A People and Their Idea
Of the many fine essays in National Review’s 60th-anniversary issue (November 19, 2015), perhaps none rewards careful reading and reflection as much as John O’Sullivan’s “A People, Not Just an Idea.” So first and above all, I want to thank him.
As I read, I was struck by his statement that “an American identity rooted in cultural familiarity will be more genuinely liberal than one attached to the American idea” because “it allows someone to reject the dominant ethos of his society without losing his claim to be an American.” The question arises: What do we mean by “cultural familiarity”? (Surely nothing so trivial as the names of NFL teams.) The answer is suggested, perhaps, when Mr. O’Sullivan later says that “if Americans are a distinct people, with their own history, traditions, institutions, and common culture, then they can reasonably claim that immigrants should adapt to them and to their society rather than the reverse.” “Culture” appears alongside the terms I have italicized, but perhaps history, traditions, and institutions are better understood as constituents of culture.
Now our legal and political institutions certainly embody the liberal principles of the “American idea.” And basic familiarity with American history and traditions — which, as the essay makes clear, do not derive from a single ethnic group or religion and evolve over time — is a precondition for participation in those liberal institutions (and in the liberal American economy), for the simple reason that a separate people cannot readily take a place of equal standing in our civic and economic life. We might mention a common language, too.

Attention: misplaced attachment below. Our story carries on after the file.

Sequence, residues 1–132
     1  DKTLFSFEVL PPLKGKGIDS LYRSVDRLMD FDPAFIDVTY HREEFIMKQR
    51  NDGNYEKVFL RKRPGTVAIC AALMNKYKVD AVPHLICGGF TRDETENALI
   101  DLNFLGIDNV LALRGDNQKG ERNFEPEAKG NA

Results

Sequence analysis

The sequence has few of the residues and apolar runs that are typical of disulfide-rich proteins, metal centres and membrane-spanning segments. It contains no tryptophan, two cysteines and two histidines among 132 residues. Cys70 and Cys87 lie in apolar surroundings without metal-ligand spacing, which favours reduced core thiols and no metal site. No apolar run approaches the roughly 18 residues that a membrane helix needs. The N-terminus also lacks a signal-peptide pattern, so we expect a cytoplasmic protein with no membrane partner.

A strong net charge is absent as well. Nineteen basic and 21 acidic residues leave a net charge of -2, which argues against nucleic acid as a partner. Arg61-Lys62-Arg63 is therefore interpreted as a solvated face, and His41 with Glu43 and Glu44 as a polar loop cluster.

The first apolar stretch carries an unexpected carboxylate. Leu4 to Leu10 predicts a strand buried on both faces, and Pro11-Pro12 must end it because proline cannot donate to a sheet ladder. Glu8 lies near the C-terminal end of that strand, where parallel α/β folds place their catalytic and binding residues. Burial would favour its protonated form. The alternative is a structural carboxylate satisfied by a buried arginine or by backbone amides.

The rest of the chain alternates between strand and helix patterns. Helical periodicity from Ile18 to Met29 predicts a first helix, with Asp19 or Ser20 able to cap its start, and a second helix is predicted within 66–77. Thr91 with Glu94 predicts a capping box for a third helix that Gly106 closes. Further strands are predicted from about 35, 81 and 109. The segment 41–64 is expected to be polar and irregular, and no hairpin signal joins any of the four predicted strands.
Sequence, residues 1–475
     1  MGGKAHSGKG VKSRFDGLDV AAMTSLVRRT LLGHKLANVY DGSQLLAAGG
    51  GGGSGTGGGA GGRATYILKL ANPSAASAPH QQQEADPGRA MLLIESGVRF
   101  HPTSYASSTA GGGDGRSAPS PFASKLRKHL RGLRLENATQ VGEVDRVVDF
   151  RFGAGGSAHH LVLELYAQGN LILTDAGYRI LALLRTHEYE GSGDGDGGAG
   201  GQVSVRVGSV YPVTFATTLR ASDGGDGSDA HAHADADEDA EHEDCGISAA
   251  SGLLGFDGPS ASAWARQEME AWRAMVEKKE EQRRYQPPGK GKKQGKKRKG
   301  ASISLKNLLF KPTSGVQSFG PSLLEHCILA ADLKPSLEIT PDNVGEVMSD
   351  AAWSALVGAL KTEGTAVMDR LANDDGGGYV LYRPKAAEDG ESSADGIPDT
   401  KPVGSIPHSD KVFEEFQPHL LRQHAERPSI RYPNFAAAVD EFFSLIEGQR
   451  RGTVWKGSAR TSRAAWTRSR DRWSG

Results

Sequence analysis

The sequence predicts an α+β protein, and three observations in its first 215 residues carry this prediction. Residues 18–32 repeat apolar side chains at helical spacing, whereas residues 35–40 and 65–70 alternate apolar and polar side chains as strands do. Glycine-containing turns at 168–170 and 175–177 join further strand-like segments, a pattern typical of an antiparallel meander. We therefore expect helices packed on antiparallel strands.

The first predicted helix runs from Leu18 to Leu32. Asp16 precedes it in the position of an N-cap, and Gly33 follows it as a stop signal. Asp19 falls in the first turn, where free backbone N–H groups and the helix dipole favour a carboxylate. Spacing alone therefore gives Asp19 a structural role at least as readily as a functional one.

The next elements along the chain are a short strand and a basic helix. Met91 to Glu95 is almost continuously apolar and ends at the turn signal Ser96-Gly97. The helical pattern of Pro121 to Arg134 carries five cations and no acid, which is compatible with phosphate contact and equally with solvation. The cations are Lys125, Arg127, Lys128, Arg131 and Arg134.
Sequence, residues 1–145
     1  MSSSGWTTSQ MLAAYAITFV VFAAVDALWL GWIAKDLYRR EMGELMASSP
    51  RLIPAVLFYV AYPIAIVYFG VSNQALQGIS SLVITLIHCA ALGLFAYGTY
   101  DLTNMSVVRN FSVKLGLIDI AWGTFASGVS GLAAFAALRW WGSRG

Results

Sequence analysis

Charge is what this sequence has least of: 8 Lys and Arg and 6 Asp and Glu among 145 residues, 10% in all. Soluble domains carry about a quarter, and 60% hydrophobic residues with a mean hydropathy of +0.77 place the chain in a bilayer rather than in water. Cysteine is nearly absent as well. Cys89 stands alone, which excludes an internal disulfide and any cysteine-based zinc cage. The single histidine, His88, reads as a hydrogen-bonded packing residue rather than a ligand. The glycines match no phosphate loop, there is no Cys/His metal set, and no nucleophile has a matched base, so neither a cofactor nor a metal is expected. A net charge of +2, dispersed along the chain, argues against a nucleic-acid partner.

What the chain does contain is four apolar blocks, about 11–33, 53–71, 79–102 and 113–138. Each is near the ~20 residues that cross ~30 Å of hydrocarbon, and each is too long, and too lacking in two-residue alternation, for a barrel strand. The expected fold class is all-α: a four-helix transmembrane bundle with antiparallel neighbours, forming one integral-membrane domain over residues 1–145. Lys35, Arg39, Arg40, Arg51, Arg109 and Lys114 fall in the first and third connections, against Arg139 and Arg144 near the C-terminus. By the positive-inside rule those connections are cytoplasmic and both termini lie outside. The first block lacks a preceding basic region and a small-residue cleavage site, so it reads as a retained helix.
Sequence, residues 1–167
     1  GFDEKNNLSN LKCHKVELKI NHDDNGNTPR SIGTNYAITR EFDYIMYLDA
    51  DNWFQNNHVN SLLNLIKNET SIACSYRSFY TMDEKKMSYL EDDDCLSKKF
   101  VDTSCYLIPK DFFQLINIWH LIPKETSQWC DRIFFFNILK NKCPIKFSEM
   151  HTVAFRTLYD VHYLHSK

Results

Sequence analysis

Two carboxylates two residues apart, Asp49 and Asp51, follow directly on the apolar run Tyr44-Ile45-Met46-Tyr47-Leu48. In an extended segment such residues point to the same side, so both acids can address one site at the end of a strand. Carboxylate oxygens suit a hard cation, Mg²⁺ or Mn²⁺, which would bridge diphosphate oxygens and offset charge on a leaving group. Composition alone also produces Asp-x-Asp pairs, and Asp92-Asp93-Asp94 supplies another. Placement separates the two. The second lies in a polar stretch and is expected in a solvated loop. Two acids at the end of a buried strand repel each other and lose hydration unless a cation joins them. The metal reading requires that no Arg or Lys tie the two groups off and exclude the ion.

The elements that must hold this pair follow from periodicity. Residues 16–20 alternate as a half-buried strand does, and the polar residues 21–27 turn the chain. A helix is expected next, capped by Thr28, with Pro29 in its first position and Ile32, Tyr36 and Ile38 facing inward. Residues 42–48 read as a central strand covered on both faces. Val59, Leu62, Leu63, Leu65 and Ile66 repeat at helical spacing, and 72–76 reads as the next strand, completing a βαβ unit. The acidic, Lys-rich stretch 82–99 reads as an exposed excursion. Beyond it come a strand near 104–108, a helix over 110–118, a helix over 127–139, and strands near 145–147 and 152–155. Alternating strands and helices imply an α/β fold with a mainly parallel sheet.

So to my mind, the American idea and the American common culture are not competing ways of understanding American identity. Rather, the idea guides us toward a humane and reasonable understanding of which aspects of the culture should matter. Mr. O’Sullivan is surely right that, in the abstract, liberalism does not distinguish America from other liberal nations. But it has played — and plays still — a decisive role in preventing American cultural identity from becoming narrow and exclusionary. It has played that role to a unique degree in world history, and in a way of which Americans are uniquely conscious. And in that sense, I think it is true rather than paradoxical to say that America is not just a people, but also an idea.
John O’Sullivan responds: I am grateful to Conrad Ensign for his kind remarks on my essay, and even our disagreements seem rooted in a common outlook. I see the American idea less as competing with cultural nationhood than as a useful but inadequate distillation of it — Cliff Notes to the Federalist Papers. It might keep America from being exclusionary, as he argues, but the concept of “Un-Americanness” shows how it can be used to exclude internally when separated from the rich culture of American liberty. For instance, how does the American idea cope with the native American Marxist? He denies the American idea but he can’t be denied entry to American institutions? At least in principle the idea insinuates disloyalty but offers no solution to it. A broader cultural concept holds that an American is likely to be a less consistent Marxist in practice than someone brought up in a despotic culture. (Orwell pointed out that radical critics of English liberalism would sometimes slip and declare in outraged tones that some measure or other was a betrayal of the high standards of British liberty.) And, finally, the American idea offers little or no reply to multiculturalism even though the danger that a separate people might “readily take a place of equal standing in our civic and economic life” is no longer entirely theoretical.